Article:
As I thought about it, I realized that in addition to honoring our parents, providing a scholarship to a future nurse is a way to thank MSU for giving me the ability to join a great profession and have a rewarding career. I graduated in 1971. You can do the math to know I’ve been a nurse for over 40 years.  Nurses share critical moments with individuals and families at the beginning of life, the end of life and everything in between. Every day a nurse goes to work knowing that his or her day won’t be wasted. It may be draining, it might frustrating but nurses do important work, they make a contribution. Many national polls continue to find that nursing is the most respected health care profession.

I have had the opportunity to work in home care, health departments, ICUs and other clinical agencies but for most of my career I have been a nurse educator at East Carolina University in North Carolina. I have taught students from the undergraduate to the doctoral level and I have loved being connected to the future of nursing through my students. Almost all of them struggle to pay for their education because College has become so expensive.

Nursing is a hard major to get into these days. Only those with the highest academic ability are admitted and when they are admitted the course work is challenging. Unlike many majors, nurses don’t take all of their courses on campus. They travel to clinicals and they have to buy uniforms and supplies so they can do those clinical rotations. Before going to clinical, they spend a lot of time in simulation labs so they can be safe and confident in those clinical areas. A single textbook for a nursing student can be over $100. By their senior year many of them have taken out loans, they are working in addition to going to school and they are hoping that their car holds up so they can get to that last capstone clinical.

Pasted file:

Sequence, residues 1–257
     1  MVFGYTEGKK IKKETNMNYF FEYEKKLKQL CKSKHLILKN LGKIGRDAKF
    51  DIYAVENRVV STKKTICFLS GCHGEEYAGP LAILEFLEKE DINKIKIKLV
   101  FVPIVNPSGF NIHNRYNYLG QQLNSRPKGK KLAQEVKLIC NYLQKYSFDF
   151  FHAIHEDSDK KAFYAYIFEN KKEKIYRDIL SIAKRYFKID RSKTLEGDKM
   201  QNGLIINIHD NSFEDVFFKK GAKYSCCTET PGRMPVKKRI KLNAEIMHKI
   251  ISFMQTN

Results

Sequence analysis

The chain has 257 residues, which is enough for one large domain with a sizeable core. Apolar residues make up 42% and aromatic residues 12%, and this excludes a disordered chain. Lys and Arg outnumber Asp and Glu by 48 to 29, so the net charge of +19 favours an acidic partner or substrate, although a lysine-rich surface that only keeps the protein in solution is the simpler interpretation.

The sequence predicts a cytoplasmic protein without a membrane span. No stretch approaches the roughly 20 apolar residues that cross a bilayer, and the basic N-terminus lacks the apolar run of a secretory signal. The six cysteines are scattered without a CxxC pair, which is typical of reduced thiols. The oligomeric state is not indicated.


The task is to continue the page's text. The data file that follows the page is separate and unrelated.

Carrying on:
When I read the letter that Benjamin Van Dyke wrote thanking us for the scholarship, I felt joy. Here was a young man (my brother was particularly glad about that) who had done well at MSU and was about to join our great profession. He has goals similar to ours, to make a difference in health care in the US and abroad. We are delighted to make a small contribution to his success.

Giving is a way to bring together wonderful future nurses that will keep our profession strong and seasoned nurses (like me and my brother) who are about to retire from our career. As I reflect back on what has been a great career, I will have the satisfaction that this scholarship connects me to the loving memory of my wonderful parents and the future of nursing by contributing to the education of a Spartan Nurse.

Thank you.